The US Food and Drug Administration (FDA) has expedited clearance of an update to software from Caption Health, a medical artificial intelligence (AI) company, that is designed to aid frontline healthcare workers to perform diagnostic-quality cardiac ultrasounds.
Following a review of just 25 days—faster than 99% of FDA clearances since 2015—the FDA cleared an updated version of Caption Guidance, the AI-guided medical imaging acquisition system.
The accelerated review process was prompted by requests from clinicians at hospitals across the USA caring for patients with COVID-19. Letters from individual physicians at Yale, ChristianaCare, Northwestern Medicine, the University of Chicago Medicine, and other medical centres were shared with the FDA, detailing how Caption AI could enable rapid assessment of cardiac function, reduce the risk of exposure for personnel, and stretch limited resources in hospital emergency rooms and ICUs.
Caption Guidance emulates the guidance of an expert sonographer by providing over 90 types of real-time instructions and feedback, Caption Health said in a press release. These visual prompts help users make specific transducer movements to optimise and capture a diagnostic-quality image. In contrast, other ultrasound systems rely on years of expertise to recognise anatomical structures and make fine movements, limiting access to clinicians with specialised training.
“At Northwestern Medicine, we believe AI-based guidance for cardiac ultrasound acquisition will equip our frontline providers to perform these exams with limited training,” said Akhil Narang, a cardiologist at Northwestern Medicine (Chicago, USA). “This will have a significant impact in our response to COVID-19 while minimising exposure for our sonographers.”
The new version of Caption Guidance, part of the Caption AI software platform, includes 88% more types of guidance, improved algorithm performance, and optimised workflow, Caption Health said in its press release. The technology allows clinicians without specialized echocardiography training to capture images at the point of care, which is consistent with recommendations from the American Society of Echocardiography for how to reduce risk of exposure to the Coronavirus and conserve use of personal protective equipment (PPE).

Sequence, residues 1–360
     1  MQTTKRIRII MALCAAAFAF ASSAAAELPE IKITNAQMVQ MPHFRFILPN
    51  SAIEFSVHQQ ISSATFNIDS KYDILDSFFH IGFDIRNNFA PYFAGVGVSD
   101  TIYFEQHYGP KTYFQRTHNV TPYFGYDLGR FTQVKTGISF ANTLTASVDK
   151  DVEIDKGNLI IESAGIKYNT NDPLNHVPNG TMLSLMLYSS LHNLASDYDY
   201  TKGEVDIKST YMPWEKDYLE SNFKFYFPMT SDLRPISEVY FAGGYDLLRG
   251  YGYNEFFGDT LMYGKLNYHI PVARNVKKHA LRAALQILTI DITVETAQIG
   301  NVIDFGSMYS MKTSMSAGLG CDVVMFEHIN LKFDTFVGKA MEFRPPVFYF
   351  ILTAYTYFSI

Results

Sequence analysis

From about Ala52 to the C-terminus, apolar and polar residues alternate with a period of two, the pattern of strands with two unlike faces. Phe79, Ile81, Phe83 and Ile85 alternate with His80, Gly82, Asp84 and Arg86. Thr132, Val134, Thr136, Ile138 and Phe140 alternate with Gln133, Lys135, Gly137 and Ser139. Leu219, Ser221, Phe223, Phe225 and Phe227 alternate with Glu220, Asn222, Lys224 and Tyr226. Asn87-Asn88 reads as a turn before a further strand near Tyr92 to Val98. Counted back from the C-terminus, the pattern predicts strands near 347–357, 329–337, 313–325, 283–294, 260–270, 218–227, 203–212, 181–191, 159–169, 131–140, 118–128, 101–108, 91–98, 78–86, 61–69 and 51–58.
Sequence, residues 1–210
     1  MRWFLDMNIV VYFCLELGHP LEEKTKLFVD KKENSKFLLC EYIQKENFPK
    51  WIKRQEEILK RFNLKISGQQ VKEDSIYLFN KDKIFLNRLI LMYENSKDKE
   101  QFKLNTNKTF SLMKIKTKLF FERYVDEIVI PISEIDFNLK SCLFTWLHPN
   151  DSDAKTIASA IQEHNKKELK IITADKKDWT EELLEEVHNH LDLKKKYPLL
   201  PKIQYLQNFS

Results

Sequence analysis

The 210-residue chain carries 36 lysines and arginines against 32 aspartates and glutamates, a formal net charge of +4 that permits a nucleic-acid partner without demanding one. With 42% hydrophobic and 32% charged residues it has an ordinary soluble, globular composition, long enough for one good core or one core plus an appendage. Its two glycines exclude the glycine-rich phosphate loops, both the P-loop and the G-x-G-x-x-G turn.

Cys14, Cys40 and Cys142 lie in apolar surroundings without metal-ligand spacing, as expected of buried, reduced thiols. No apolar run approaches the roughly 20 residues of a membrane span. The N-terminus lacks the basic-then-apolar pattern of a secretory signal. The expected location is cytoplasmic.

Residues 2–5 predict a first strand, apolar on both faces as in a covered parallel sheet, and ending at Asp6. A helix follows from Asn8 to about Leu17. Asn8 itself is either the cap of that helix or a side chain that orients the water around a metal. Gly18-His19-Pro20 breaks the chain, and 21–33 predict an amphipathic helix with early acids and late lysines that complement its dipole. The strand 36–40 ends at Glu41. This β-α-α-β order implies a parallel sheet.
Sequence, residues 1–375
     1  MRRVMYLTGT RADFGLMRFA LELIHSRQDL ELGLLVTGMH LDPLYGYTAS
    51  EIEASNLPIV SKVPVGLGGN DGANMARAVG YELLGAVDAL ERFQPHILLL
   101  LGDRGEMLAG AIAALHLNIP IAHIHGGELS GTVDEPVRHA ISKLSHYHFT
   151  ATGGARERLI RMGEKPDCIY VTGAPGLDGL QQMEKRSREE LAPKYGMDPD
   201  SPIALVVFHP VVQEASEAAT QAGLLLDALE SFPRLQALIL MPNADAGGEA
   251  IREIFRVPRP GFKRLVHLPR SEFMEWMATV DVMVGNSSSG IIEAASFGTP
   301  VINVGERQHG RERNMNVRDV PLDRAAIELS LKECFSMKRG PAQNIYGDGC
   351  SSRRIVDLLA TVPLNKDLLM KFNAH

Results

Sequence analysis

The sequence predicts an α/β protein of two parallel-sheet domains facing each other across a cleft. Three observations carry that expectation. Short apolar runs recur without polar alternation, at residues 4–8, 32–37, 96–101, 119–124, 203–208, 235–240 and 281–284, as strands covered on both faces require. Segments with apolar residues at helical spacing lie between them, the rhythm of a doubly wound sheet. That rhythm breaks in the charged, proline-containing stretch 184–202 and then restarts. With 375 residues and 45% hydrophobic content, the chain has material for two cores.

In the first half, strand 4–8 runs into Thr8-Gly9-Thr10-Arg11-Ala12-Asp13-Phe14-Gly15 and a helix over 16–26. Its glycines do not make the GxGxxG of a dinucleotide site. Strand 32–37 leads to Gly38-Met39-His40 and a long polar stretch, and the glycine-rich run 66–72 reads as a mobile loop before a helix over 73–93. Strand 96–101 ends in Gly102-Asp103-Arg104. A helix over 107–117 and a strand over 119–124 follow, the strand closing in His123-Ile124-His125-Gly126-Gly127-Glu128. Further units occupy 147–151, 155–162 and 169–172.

“Given the shortage of individuals who can perform cardiac ultrasound in our institution and our desire to limit exposure to patients with COVID-19 to the frontline providers treating them, we are looking to teach these COVID-19 frontline providers, such as nurses, APPs, and physicians, to perform cardiac ultrasound exams,” said Chris Moore, an emergency medicine physician at Yale (New Haven, USA). “However, we are aware of how challenging the exam is to learn and perform. Given the time-sensitivity and importance of this, we need a fast and effective way of getting frontline providers adept at performing cardiac ultrasound exams.”
A recent study in JAMA Cardiology reported COVID-19 patient mortality to be 15 times higher among hospitalised patients with cardiac injury. In addition, patients with underlying cardiovascular disease are at higher risk of contracting COVID-19 and have a worse prognosis. According to guidelines from the American College of Cardiology, COVID-19 patients demonstrating heart failure, arrhythmia, ECG changes, or cardiomegaly should have an echocardiogram (diagnostic cardiac ultrasound).
“Caption AI provides clinicians with the ability to quickly and accurately perform potentially life-saving ultrasound exams where and when they are needed most,” said Andy Page, chief executive officer of Caption Health. “We are proud to assist those on the front lines of this pandemic who are risking their lives to care for patients. We applaud the FDA for their rapid response to the challenges faced by hospitals during this pandemic and for working to provide them with new technologies that improve care and save lives.”
The US FDA in February authorised Caption Guidance via the De Novo pathway, after review under the Breakthrough Devices Program.